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Another Life for Stray Cats

In this age of “classic rock” radio, one has to suspect that any band reunion is a cash-in for the nostalgia dollars that have eluded band members in their solo pursuits. The Stray Cats would certainly seem to fall under suspicion as, since breaking up in 1982, Brian Setzer, Slim Jim Phantom and Lee Rocker have each led careers that seemed likely to soon find them working night shifts at all-night mini-marts.

But in two sold-out shows at the Coach House on Thursday evening, the recently regrouped trio proved every bit as dedicated and effective at resurrecting its own career as it had been at kicking new life into ‘50s rockabilly six years earlier.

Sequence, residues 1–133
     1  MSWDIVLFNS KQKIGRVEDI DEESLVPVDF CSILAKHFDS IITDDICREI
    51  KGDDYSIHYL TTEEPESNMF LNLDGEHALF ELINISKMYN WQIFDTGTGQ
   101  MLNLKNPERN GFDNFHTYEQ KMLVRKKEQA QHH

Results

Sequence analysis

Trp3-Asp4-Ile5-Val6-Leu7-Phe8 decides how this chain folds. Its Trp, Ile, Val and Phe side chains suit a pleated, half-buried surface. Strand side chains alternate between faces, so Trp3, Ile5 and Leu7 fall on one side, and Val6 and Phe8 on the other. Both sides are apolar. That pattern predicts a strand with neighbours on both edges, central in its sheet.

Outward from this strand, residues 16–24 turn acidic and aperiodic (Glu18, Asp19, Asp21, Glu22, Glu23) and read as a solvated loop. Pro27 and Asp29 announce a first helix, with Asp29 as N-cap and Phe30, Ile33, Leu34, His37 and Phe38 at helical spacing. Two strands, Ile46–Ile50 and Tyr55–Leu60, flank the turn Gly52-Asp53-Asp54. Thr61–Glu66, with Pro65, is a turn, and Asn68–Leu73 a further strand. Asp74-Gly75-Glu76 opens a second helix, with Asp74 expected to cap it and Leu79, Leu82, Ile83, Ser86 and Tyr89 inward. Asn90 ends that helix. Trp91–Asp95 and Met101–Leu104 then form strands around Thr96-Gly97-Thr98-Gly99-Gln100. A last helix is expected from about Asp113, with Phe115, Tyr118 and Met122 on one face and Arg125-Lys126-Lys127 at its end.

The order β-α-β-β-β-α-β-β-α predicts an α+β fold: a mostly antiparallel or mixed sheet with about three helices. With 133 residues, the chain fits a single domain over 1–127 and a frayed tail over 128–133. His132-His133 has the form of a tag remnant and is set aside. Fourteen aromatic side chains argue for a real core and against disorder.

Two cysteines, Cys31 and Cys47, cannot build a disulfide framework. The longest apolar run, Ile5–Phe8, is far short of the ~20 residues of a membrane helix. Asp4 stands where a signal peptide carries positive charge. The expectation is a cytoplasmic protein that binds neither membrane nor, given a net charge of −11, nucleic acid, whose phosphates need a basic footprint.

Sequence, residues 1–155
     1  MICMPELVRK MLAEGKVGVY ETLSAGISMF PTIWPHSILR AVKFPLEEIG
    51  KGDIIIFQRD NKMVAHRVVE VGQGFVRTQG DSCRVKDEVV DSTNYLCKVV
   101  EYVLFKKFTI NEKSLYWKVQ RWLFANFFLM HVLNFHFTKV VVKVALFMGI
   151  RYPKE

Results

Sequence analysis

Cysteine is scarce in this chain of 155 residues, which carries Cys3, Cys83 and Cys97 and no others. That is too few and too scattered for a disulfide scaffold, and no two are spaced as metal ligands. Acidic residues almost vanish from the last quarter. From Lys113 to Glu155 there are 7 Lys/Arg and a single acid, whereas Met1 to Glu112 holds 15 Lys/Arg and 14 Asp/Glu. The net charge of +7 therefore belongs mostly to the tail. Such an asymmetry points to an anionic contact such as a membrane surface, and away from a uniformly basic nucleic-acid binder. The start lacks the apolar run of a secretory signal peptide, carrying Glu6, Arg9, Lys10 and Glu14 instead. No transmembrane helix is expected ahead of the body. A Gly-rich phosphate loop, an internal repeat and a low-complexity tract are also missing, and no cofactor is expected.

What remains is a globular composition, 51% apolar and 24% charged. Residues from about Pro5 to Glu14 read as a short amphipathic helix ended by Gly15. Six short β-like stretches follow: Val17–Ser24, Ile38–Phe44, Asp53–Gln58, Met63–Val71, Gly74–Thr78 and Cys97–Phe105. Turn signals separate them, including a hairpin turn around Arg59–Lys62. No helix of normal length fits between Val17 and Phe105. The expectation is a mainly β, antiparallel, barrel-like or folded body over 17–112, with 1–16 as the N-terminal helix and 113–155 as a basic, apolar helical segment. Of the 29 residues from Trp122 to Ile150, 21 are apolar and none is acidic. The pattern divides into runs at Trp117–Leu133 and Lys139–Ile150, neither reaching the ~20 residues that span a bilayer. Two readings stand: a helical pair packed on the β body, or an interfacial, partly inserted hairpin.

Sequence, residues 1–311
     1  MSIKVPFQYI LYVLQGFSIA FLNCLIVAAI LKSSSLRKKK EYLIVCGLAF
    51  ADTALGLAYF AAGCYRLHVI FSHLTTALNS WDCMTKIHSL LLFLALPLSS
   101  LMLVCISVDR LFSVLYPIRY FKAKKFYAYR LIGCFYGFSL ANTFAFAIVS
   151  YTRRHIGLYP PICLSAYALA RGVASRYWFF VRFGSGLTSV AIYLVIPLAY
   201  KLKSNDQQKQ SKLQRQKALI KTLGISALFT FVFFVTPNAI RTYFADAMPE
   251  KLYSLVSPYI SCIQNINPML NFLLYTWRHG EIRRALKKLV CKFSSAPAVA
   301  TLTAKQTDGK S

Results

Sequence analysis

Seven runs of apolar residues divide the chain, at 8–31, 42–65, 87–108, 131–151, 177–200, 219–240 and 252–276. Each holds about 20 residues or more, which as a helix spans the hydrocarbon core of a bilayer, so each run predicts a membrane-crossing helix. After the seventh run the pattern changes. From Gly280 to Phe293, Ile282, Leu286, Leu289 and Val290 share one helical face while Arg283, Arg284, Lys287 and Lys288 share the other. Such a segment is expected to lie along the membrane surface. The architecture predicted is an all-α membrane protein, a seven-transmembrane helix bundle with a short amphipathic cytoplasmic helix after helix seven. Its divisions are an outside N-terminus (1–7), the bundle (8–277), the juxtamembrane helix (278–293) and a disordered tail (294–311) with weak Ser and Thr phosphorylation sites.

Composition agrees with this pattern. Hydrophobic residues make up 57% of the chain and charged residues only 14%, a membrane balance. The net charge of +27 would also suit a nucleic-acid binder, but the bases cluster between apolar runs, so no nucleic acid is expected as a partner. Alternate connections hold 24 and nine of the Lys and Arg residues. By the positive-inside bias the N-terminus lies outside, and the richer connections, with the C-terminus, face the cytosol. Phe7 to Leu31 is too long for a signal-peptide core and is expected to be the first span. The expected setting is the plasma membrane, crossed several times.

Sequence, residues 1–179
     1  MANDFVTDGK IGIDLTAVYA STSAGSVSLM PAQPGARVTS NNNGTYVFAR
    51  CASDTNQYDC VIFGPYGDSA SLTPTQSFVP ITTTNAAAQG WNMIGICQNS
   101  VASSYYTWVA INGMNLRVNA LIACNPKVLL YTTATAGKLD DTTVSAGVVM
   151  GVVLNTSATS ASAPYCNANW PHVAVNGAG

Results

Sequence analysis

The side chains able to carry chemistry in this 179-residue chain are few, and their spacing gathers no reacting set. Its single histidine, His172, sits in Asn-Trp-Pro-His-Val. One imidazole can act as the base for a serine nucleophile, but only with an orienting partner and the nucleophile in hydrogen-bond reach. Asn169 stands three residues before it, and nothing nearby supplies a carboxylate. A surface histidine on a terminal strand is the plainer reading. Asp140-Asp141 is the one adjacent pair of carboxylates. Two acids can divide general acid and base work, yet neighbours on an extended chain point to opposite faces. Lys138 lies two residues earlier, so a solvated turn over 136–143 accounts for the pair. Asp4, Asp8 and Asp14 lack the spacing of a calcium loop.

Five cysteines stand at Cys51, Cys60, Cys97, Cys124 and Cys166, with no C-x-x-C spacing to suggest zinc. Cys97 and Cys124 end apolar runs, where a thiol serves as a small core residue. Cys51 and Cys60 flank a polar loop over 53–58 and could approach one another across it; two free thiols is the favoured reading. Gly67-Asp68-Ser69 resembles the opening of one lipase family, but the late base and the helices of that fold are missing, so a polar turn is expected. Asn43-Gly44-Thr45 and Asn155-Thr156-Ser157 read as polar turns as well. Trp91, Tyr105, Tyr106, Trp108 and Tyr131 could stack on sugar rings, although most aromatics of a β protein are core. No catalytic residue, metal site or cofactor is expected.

At times the three appeared to be merely going through the motions on rote, somnambulant versions of the Top 10 hits “Stray Cat Strut” and “Runaway Boys.” But more often they seemed genuinely caught up in the exhilaration of their roots-rock rhythms. While “Rumble in Brighton,” “Rock This Town” and other catalogue numbers were set alight during the show, the group clearly wasn’t interested in reliving 1982.

Most of the passion in the 14-song set was reserved for new songs. Propelled by a roaring, descending Setzer guitar riff, “Blast Off” mixed lyrics full of ‘50s sci-fi imagery with lightning guitar solos, while “Nine Lives” was a sultry “Fever"-derived ballad that highlighted Setzer’s smooth growl of a voice.

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The standout of the new songs was a melodic rocker named “Gina,” a relative of Buddy Holly’s “Peggy Sue,” if Phantom’s careening tom-tom rolls were any indication. The packed house greeted the new songs with the same zeal it did the old favorites, making up for the Coach House’s lack of a dance floor by dancing on tables and chairs.


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